Cecily’s mother, another revolutionary– who was torn from us horribly by cancer –was a single mother, who struggled throughout her career and attained the rank of PhD.  I feel like she was torn from our lives.  I only got the privilege of spending a brief amount of time with her and I ache at the loss of her in our life, but selfishly in my life.  She was someone who completely transformed her psychological programming based on where she came from and who touched countless lives.  She was remarkable and glowing in both her capacity for care and her brilliance.  She created herself– almost like a Kantian, but in a different sense –from scratch.  Cate said, at the end in her email tagline in rainbow colors, that “just because it involves death and dying doesn’t mean it can’t be fun.”  I know that sounds insane.  But that’s Cate.  That’s how she was with everything.  And she made herself that way.  You’d have to know Cate to understand it.  She always created her own perspective on the world, invented herself, and made the world better, more just, and more beautiful.  She raised my partner in crime, and she taught us something about who we are, but also, above all, who we can be.  She taught us that we can fashion or make ourselves.  We take this as axiomatic.  It leads to some goods fight, believe me.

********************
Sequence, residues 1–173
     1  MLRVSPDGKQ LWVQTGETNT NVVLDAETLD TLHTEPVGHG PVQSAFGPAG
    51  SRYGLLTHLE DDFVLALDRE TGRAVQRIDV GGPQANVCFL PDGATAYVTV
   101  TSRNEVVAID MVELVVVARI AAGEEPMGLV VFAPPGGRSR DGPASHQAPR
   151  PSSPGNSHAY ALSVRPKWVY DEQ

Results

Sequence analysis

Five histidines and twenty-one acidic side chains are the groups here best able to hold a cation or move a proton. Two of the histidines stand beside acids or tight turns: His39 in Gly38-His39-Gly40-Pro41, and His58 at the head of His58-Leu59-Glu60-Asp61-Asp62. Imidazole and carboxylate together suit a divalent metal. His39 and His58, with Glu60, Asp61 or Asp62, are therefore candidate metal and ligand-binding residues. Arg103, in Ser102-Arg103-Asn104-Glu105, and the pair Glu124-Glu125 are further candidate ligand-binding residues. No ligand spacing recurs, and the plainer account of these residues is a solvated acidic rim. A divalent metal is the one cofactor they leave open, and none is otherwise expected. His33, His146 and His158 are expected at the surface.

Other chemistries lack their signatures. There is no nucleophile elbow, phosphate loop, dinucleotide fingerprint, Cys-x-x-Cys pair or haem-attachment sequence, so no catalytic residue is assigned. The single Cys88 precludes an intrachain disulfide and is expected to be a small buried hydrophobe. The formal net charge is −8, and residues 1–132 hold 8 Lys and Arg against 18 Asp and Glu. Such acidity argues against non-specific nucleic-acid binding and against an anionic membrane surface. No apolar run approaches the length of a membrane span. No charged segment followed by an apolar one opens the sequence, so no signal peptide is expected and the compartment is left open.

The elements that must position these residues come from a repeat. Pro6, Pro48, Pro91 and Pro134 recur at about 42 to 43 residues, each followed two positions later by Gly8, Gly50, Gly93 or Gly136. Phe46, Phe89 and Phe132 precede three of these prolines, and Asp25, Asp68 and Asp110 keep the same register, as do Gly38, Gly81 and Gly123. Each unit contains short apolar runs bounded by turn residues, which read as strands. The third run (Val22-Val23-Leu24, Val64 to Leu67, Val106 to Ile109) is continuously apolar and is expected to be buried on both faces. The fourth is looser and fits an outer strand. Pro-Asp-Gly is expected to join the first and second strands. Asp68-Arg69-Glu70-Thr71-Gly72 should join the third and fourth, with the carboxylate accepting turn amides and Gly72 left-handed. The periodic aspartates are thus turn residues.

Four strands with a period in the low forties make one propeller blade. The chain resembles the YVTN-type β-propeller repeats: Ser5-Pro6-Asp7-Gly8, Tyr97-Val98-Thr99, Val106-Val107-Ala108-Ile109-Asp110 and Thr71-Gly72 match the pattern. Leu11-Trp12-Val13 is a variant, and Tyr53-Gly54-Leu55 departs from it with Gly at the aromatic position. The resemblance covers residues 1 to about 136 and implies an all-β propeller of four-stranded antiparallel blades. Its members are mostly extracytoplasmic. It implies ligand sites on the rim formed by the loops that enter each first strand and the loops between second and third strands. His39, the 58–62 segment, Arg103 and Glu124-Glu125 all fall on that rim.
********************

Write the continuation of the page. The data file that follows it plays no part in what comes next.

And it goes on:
I don’t write this post to exculpate the Boomers.  They also dismantled worker protections, deregulated everything, and found all manner of ways to create profit and destroy the planet that today are at the heart of our struggles.  I write it to deal with my grief and bitterness, to get beyond it.  They also gave us things that we, today, take as axiomatic, in our own struggles.  We take it as obvious that there should be gender and racial equality.  We take it as obvious that love, whether hetero or queer, should be something we should be able to pursue courageously and without apology.  We take it for granted that there should be a certain form of emotional intimacy, that no one in the amorous relation should be subordinated to someone else, that we are comrades struggling against the world, and that we should be able to enjoy one another and attend to the enjoyment of each other.  They gave us a revolution.  The only problem is that we need further revolutions.